“Anybody who’s going out for Valentine’s Day wants to have a good time and be in love,” Guillaume Magnani, General Manager of Cafe Centro, a brasserie-inspired restaurant in Midtown New York, says with a laugh. “It’s up to us to create that atmosphere.”
It’s a challenge on the busiest dining days of the year, but he and Chef Ted Rozzi have a game plan that spans all touchpoints of the restaurant.
Their plan starts with creating a menu to make the holiday special. All other prep stems from that — including preparing every team member for the occasion. Getting your entire staff to embrace the menu and empowering them with knowledge to sell it can be a challenge, but the effort to get everyone on the same page so your guests have the right information is key to making the evening a success.
One of the first things Magnani does when preparing for a special service is inform the host team. “As soon as we get the menu, I make sure I print one for the host stand,” he says. The team at the front desk needs to know for phone calls or in-person diners who need information. “We also make sure that the host team is at the pre-shift meeting so if they have questions they can ask Chef,” Magnani continues. “It’s important that they’re there since we have regular guests who don’t make their reservations online and can’t see the pop-up on the website or the menu on OpenTable.”
Cafe Centro also uses their OpenTable system to create pop-up notifications for reservations, so if someone doesn’t know the menu or absentmindedly makes a reservation for February 14, they’ll immediately see a reminder of the holiday and the special menu. That prevents guests from making a reservation thinking they’ll have access to the a la carte menu only to find out it’s not available.
- Inform host stand of any special menu well in advance so they can communicate it to guests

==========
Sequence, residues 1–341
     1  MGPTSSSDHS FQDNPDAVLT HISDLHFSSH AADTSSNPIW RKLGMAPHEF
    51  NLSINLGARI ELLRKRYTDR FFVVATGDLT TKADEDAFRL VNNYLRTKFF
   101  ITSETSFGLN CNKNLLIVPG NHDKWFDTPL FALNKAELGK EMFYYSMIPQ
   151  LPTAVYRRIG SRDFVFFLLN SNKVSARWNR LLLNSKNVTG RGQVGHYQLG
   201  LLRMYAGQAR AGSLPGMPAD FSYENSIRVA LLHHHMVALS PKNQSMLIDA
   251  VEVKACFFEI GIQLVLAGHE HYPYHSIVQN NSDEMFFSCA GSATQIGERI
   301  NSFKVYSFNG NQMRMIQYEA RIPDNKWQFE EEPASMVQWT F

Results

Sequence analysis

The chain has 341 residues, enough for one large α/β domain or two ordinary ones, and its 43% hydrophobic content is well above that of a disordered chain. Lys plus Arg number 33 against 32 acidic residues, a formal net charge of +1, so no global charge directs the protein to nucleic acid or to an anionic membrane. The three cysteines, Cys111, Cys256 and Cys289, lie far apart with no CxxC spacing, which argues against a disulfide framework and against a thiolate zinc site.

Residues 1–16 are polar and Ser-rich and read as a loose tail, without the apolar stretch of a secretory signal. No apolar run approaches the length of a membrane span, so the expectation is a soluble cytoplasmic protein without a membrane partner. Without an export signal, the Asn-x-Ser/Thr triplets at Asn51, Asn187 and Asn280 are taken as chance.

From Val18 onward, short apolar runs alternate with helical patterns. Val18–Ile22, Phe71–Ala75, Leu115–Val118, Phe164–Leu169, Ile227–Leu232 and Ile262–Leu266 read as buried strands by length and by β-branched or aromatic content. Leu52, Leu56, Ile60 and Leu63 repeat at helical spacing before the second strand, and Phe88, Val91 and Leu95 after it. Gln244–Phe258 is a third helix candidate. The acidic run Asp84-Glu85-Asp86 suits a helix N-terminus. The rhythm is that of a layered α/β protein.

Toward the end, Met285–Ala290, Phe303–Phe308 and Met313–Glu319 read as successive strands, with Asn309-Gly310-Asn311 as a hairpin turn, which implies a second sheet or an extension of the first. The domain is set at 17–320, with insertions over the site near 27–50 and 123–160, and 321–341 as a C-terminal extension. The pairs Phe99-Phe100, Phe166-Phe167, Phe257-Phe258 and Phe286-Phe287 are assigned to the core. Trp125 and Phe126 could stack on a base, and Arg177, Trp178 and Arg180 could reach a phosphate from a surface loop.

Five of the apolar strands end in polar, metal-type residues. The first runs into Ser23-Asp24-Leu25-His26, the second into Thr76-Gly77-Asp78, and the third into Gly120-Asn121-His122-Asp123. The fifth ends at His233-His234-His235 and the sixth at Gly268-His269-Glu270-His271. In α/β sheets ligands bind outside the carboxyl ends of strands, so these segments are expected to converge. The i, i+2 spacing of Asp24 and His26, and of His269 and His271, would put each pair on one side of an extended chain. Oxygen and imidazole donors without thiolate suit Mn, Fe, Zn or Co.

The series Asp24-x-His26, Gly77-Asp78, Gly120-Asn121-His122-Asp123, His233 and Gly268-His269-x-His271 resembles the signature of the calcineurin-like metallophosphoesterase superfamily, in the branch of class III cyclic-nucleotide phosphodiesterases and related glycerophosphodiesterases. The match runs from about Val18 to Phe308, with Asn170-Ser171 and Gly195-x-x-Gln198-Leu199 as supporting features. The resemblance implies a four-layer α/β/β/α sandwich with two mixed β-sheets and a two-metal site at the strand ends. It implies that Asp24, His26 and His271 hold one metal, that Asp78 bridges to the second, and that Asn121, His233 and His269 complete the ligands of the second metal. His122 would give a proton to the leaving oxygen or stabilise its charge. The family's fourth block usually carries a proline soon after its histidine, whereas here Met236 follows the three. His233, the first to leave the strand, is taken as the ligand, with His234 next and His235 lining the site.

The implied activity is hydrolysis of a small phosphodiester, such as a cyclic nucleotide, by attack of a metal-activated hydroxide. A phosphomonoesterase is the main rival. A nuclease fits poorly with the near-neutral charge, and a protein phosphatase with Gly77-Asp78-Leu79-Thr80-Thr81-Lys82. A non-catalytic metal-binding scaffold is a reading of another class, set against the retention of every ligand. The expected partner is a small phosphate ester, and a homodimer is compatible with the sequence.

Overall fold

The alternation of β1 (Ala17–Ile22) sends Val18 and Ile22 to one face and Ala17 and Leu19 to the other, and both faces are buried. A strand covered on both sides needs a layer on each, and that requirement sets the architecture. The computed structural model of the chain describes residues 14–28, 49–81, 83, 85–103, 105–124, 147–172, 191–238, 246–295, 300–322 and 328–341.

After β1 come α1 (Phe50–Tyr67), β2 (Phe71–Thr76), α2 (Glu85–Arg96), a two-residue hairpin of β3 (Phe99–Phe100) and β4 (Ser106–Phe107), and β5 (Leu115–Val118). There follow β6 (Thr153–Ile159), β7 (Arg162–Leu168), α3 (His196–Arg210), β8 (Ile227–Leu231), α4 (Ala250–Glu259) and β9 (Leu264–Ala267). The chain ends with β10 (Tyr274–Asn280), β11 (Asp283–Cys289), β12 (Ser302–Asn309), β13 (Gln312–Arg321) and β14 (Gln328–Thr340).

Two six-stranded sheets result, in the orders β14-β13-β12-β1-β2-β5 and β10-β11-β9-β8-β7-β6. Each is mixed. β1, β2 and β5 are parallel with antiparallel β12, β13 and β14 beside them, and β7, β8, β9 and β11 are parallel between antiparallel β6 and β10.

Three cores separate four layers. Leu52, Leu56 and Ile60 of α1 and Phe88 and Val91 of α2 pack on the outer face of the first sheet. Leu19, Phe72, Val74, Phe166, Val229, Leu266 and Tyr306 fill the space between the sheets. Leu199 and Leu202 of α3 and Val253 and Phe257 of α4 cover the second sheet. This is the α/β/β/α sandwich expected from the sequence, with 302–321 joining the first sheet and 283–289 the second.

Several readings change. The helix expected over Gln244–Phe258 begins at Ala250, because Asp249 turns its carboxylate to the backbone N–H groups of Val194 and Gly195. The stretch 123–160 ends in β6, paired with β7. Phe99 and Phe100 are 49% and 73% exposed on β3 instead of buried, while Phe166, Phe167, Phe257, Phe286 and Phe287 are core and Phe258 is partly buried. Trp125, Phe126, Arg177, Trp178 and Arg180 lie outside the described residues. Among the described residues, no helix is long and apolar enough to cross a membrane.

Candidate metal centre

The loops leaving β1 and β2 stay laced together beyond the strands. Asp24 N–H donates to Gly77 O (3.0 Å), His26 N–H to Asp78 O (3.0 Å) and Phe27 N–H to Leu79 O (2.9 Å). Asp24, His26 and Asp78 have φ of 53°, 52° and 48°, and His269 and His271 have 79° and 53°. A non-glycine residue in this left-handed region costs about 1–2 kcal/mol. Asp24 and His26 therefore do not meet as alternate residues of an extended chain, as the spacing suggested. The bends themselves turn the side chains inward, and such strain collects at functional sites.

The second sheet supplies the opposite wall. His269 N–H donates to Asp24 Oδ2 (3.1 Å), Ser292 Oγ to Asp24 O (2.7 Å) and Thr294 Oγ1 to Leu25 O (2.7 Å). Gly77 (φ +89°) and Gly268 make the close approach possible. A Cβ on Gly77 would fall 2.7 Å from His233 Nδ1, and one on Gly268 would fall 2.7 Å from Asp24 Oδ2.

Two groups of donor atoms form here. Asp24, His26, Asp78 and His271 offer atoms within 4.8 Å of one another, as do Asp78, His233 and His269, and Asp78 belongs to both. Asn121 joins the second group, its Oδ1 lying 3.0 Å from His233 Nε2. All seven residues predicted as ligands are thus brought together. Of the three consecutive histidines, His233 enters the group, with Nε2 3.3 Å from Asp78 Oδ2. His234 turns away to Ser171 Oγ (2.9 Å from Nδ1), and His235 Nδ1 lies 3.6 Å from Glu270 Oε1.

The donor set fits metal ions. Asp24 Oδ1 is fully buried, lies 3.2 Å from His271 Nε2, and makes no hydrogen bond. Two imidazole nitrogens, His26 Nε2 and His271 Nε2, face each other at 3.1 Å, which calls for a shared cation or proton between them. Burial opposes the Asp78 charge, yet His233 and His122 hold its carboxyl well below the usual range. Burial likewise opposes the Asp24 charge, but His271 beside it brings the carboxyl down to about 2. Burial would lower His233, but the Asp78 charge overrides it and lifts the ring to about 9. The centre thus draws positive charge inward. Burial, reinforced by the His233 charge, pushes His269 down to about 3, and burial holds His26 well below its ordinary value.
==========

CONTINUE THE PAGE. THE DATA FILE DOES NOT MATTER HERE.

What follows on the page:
- Include hosts in pre-shift meetings and tastings
- Create pop-up notifications of the holiday and special menu for online reservations
Back of the House
The menu is the biggest part of a special holiday service, and Chef Rozzi makes sure he spends plenty of time preparing his kitchen. “I always try to use more upscale ingredients on Valentine’s Day and do dishes for two or something like that,” he says.
Switching up the menu means spending extra time with the cooks to make sure they understand the dishes and have an idea of what to expect that night. “For a special night like this we’ll do recipe testing a couple of weeks before,” Rozzi adds. “My sous chefs and I will work on the menu together and taste through everything.” This gives Rozzi the opportunity to change anything that may not work. “We’re already providing dishes that are upscale, so we want to make sure we’re executing our best.”
- Determine any menu changes as far in advance as possible
- Test and taste any new dishes
- Spend extra time with kitchen staff so they’re ready for the big night
Front of the House
Both Rozzi and Magnani agree that pre-meal meetings with front-of-the-house staff leading up to Valentine’s Day are critical and will determine the success of that holiday’s service. “For the week and a half before Valentine’s Day, we’ll start going over the menu for the day and any other information they need to know about,” says Magnani. Starting early ensures servers are able to answer any questions guests may have about what the restaurant is planning for Valentine’s Day. “People start asking what we’re doing around that time so we want to make sure we’re prepared.” They talk about how many courses and beverage pairings the menu will have, as well as price points.
A few days before the holiday, Rozzi starts tasting the front-of-the-house staff on the dishes so everyone working that night knows the menu and has a chance to ask any questions. “We do staff tastings of the menu to make sure that the front of the house is comfortable with it and the back of the house can practice picking up these dishes,” he explains.
- Start going over the special menu at pre-shift meetings 7-10 days before the big event
- Include pairings and price points
- Run tastings—it helps both back and front of house know the menu
Even though Cafe Centro is going to give their diners “extras” to make their meal more romantic — a rose for each table and mignardises, for example — Magnani says that ultimately, not that much changes in the dining room. With preparation, he and Rozzi allow their entire staff to focus on doing what they do every night, which is to provide the best hospitality possible. “We’re making sure that everyone’s leaving happy.”